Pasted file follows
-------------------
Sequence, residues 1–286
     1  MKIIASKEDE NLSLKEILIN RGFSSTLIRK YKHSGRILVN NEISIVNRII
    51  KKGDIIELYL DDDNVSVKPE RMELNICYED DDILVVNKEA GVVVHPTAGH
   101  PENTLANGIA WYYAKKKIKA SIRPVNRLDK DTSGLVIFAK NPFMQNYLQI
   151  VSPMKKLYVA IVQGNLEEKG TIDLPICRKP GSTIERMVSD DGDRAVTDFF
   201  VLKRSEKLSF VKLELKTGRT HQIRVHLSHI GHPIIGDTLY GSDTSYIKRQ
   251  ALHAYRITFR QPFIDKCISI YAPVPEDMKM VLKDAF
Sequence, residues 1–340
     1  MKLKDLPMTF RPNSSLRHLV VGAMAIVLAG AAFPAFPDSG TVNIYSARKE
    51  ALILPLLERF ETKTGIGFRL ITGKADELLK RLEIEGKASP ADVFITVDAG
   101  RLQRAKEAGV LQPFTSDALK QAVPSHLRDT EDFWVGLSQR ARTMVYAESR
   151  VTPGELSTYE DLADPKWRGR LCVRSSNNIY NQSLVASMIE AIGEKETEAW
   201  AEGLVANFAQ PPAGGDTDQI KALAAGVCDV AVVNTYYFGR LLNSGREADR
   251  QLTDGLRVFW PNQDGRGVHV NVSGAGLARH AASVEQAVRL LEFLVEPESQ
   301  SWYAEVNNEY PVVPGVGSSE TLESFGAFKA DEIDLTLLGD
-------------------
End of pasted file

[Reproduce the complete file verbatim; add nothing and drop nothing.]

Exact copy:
Sequence, residues 1–286
     1  MKIIASKEDE NLSLKEILIN RGFSSTLIRK YKHSGRILVN NEISIVNRII
    51  KKGDIIELYL DDDNVSVKPE RMELNICYED DDILVVNKEA GVVVHPTAGH
   101  PENTLANGIA WYYAKKKIKA SIRPVNRLDK DTSGLVIFAK NPFMQNYLQI
   151  VSPMKKLYVA IVQGNLEEKG TIDLPICRKP GSTIERMVSD DGDRAVTDFF
   201  VLKRSEKLSF VKLELKTGRT HQIRVHLSHI GHPIIGDTLY GSDTSYIKRQ
   251  ALHAYRITFR QPFIDKCISI YAPVPEDMKM VLKDAF
Sequence, residues 1–340
     1  MKLKDLPMTF RPNSSLRHLV VGAMAIVLAG AAFPAFPDSG TVNIYSARKE
    51  ALILPLLERF ETKTGIGFRL ITGKADELLK RLEIEGKASP ADVFITVDAG
   101  RLQRAKEAGV LQPFTSDALK QAVPSHLRDT EDFWVGLSQR ARTMVYAESR
   151  VTPGELSTYE DLADPKWRGR LCVRSSNNIY NQSLVASMIE AIGEKETEAW
   201  AEGLVANFAQ PPAGGDTDQI KALAAGVCDV AVVNTYYFGR LLNSGREADR
   251  QLTDGLRVFW PNQDGRGVHV NVSGAGLARH AASVEQAVRL LEFLVEPESQ
   301  SWYAEVNNEY PVVPGVGSSE TLESFGAFKA DEIDLTLLGD